Tay Leng Seng
Soldiers are trained to accomplish a mission. There is a time to rest, to eat, to run drills, and train in camps during peace-time. But once the country is at war, every soldier is mobilised. The training that happened during peace-time is critical to prepare him for the battlefield. He must be ready to move on mission.
Every Christian is called to be a soldier in the army of God. And we need to be ready to move on mission. From the story in Acts 8:1-8, we learned that,
What do you think it means to be a soldier in God’s army? Discuss with your group.
a. What did Paul mean when he urged Timothy to be a soldier in God’s army?
a. How significant was Philip going to Samaria?
b. Philip went to Samaria with one passion and one purpose; to preach Christ. Remember, Philip (and Stephen) had been chosen to serve tables (see Acts 6:5). How do you think he got into evangelism?
c. What opportunities do we have to share the gospel today?
i. Share your experience of sharing the gospel to a friend/family member. How did that experience teach you to lean on the Holy Spirit and mature you as a believer?
Read Hebrews 12:1-2 and Philippians 1:27-30. What attributes are mentioned in these scriptures that demonstrate a believer surrendered to the Lordship and mission of Christ?
a. What ‘civilian affairs’ are you entangled in today? What might it mean for you to stop your involvement in these ‘affairs’?
WHAT WILL YOU DO
Acts 8 prompts us to ask deep questions about our own spiritual relationship with God. Prayerfully ask yourself these questions.
i. Have I limited my spiritual relationship with Christ to simply believing, or do I seek the Holy Spirit to dwell within me?
ii. Have I limited my spiritual commitment to Christ or do I genuinely and completely surrender to Him as Lord of my life?
iii. Am I obedient to the leadership of the Holy Spirit or do I require that I be in control of what happens in my life?
“Those who had been scattered preached the word wherever they went.” – Acts 8:4 NIV
THINK ABOUT IT
Extracted from “The Christian Mission And How To Fulfill It”, Bible.org
Imagine that we are correspondents sent out to a dangerous battle zone. We expect to see battle-weary soldiers in combat fatigues, dirt on their faces, living in the most difficult conditions, carrying their weapons at all times. But, instead, at the battlefront we’re surprised to find the soldiers dressed in civilian clothes, playing volleyball and ping pong, lying around swimming pools, sipping cold drinks, with no weapons anywhere in sight. If such an army was defending our country from a hostile enemy, we’d have good reason to be alarmed!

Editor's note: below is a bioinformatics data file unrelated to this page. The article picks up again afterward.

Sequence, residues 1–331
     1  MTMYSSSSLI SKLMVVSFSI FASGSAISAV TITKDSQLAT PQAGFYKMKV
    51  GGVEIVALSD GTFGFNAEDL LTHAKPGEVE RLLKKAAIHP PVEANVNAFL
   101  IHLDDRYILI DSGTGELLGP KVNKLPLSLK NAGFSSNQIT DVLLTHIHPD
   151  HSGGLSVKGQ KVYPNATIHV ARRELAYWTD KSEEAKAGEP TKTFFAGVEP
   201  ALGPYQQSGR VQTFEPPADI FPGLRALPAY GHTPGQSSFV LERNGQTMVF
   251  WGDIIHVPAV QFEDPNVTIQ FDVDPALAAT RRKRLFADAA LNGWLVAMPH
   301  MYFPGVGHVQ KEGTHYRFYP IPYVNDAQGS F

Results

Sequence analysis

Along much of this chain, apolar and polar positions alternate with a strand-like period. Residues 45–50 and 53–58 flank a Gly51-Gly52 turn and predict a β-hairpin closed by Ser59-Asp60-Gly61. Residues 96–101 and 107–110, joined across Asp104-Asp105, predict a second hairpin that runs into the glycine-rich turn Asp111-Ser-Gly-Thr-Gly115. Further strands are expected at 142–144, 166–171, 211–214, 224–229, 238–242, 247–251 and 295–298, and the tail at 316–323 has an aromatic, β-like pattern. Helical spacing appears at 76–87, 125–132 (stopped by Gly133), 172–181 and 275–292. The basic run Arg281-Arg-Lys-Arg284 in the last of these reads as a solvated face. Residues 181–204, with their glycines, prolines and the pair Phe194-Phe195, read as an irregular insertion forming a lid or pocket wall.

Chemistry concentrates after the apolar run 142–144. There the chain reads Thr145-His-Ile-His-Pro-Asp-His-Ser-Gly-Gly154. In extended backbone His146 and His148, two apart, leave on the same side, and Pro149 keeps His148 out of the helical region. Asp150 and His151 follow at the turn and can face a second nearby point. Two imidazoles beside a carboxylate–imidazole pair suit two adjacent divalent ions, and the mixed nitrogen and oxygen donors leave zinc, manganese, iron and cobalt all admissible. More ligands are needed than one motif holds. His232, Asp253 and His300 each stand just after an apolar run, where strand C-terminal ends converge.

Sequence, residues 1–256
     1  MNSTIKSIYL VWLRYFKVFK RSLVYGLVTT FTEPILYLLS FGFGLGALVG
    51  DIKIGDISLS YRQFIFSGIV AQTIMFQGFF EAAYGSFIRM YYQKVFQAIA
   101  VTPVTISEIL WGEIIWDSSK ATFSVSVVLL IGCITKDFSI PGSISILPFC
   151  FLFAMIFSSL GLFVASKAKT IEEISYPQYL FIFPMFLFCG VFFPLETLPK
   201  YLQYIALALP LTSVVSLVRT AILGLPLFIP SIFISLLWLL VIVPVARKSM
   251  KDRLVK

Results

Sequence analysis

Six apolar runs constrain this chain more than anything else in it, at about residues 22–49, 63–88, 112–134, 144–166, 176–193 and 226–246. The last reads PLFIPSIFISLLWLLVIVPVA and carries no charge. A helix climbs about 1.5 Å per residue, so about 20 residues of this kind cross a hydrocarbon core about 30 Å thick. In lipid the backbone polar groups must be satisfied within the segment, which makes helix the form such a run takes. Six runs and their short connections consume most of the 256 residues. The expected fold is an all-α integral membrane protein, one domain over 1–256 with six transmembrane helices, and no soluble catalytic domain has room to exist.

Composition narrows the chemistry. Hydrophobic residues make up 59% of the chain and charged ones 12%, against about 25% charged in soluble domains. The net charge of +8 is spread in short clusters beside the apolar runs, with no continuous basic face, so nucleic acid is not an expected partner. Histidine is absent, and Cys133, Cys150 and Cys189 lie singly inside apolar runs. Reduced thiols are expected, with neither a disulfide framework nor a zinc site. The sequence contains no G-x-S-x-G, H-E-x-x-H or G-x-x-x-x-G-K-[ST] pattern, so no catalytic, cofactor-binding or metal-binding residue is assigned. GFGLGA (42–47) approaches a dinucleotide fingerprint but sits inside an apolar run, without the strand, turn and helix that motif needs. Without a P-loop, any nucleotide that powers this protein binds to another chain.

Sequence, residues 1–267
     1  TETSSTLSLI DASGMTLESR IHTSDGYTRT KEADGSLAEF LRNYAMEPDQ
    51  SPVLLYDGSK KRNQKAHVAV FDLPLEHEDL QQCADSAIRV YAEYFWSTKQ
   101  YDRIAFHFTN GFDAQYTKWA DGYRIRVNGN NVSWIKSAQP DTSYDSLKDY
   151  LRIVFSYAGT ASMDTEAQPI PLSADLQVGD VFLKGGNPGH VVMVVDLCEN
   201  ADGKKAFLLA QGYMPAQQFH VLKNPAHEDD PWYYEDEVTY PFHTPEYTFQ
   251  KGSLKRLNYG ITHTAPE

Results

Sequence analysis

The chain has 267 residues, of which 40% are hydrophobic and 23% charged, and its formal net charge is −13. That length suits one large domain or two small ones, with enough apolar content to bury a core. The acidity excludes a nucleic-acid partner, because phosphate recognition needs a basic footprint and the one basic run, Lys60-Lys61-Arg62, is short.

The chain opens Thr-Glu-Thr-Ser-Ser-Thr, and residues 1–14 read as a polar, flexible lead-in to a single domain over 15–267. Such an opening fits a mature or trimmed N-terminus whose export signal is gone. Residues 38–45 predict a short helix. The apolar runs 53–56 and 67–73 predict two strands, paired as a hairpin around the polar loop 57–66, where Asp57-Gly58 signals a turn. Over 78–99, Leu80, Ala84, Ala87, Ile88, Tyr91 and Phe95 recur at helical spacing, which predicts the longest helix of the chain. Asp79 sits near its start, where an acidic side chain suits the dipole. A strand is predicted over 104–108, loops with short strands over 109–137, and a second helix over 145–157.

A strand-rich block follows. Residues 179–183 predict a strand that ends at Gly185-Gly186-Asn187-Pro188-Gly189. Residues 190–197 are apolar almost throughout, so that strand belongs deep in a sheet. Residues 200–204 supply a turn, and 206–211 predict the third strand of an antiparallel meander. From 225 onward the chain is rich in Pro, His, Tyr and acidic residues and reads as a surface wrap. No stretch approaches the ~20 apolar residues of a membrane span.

The problem is, that army has forgotten its mission. It thinks that its mission centers around its own comfort and having a good time. Having forgotten its mission, it would easily fall to a hostile enemy. If that enemy attacked, the members of the army might try to desert, claiming, “I didn’t sign up for this! I signed up for all the benefits, but I had no idea I might get shot at!”
I believe the church is a lot like the army I’ve just described. We have promoted the Christian life for all its benefits: “Come to Christ and He will give you peace and happiness. He will help you overcome your problems. He will give you a happy marriage and family. He will give you an abundant life.” So the recruits sign up, thinking about sitting poolside and enjoying the good life with Jesus. Then, the bullets start ricocheting. Bombs start dropping, shrapnel is flying everywhere. People are getting hurt and dying. And these laid-back recruits turn and run, thinking, “I didn’t sign up for this!”
The Bible is clear that the Christian life is not a playground, but a battleground. God has not saved us so that we can live comfortably, happily, and self-centeredly in suburbia. He has conscript-ed us into His army. We have a mission given to us by our Commander-in-Chief, to take the message of His salvation and Lordship into enemy territory, to win captives from the forces of darkness. As in every war, our mission requires combat and struggle. If we forget our mission and get caught up with our own comfort, we will be quick to desert the cause when the enemy attacks.
Paul describes the Christian cause in such combat terms in Philippians 1:27-30. There is a sense in which it would be easier to preach these verses to the church in China or Iran, where believers are threatened with daily persecution. They’re quite aware of the cost of being a Christian. They’re ready, if need be, to lay down their lives for the sake of the gospel. But few of us, Christians in first-world nations have ever had to endure severe persecution for our faith. We think of Christianity as something that increases the well-being of our daily lives. We focus on the benefits that come from being Christians. But, the danger is, in focusing on our own well-being, we forget our mission. If we forget our mission, there is no way we will fulfil it. And, we become an easy target for the powers of darkness.